There’s nothing like extreme weather to bring you closer to books. Whether it’s in front of a roaring fire, or sitting on the porch with an iced tea, winter and summer are perfect opportunities to slow down and dive into a great book. I understand the challenge of finding the perfect book that can transport you into a completely different time and place. I have found the one. This is a book I’ve heard about from other readers. I have read this author before and enjoyed his quirky novels. They have made movies from them: The World According to Garp, and Cider House Rules. John Irving’s A Prayer for Owen Meany is the book I’m solidly in the middle of reading. Here is a line from the novel:
I am doomed to remember a boy with a wrecked voice—not because of his voice, or because he was the smallest person I ever knew, or even because he was the instrument of my mother’s death, but because he is the reason I believe in God; I am a Christian because of Owen Meany.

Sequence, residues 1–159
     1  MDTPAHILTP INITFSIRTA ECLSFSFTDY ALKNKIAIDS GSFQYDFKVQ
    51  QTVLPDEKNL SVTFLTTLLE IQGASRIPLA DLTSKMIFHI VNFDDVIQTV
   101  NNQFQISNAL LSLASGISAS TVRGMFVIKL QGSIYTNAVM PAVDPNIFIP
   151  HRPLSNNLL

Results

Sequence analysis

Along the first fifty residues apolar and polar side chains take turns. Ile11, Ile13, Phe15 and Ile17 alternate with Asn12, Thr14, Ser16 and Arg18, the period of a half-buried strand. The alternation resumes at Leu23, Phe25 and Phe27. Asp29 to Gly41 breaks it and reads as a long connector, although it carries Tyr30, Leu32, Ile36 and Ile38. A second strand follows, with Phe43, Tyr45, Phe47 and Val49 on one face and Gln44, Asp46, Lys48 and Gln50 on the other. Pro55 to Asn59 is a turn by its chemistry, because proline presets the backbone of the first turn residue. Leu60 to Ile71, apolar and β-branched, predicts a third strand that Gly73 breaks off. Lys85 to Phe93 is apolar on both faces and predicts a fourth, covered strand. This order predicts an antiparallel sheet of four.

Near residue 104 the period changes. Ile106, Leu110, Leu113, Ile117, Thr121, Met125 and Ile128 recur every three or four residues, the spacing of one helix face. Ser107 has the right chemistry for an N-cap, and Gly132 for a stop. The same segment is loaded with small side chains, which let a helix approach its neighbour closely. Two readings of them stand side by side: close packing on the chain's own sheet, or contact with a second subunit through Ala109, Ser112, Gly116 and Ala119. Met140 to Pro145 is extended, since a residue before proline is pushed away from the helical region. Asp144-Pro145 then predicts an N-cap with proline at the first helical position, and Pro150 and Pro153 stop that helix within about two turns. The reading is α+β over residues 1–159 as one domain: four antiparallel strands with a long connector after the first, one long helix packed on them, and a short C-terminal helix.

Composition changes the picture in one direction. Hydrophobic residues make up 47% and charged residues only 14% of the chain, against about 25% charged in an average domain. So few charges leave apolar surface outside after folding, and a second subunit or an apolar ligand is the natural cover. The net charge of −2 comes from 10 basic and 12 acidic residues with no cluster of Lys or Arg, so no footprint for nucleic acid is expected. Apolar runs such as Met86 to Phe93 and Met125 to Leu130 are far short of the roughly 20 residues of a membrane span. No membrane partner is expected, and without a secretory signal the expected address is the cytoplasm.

Irving is an author who delves into the deeper subjects. This is not a light book or one you might carry with you to the beach. But if you are itching for travel and you have a library card, you may be lucky enough to find a book that will make you remember one of the reasons you learned to read and the joy you had as a child when you found that book that transported you. Which book gave you that feeling that you were living in the story and you never wanted it to end?
At last night’s Ruritan Club meeting, the library’s own Brack Stovall read Ray Bradbury’s short story, “All Summer in a Day.” In this tale, a young girl is locked in a closet on the one day of the year that the sun shines. Bradbury, who died last month, was another author who had no fear of examining the darker side of life. He knew that the stories that take us to the edge are the ones that stay with us.
Check with your Radford library staff for suggestions on books you may want—subjects light and dark.